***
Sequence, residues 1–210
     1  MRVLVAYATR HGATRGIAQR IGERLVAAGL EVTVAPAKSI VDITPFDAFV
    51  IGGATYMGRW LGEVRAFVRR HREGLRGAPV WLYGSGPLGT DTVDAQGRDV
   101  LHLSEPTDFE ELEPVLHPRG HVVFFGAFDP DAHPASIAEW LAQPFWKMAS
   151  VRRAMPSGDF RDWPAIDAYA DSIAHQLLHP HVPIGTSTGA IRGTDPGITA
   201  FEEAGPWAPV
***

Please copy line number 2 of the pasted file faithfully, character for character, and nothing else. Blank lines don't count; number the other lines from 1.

     1  MRVLVAYATR HGATRGIAQR IGERLVAAGL EVTVAPAKSI VDITPFDAFV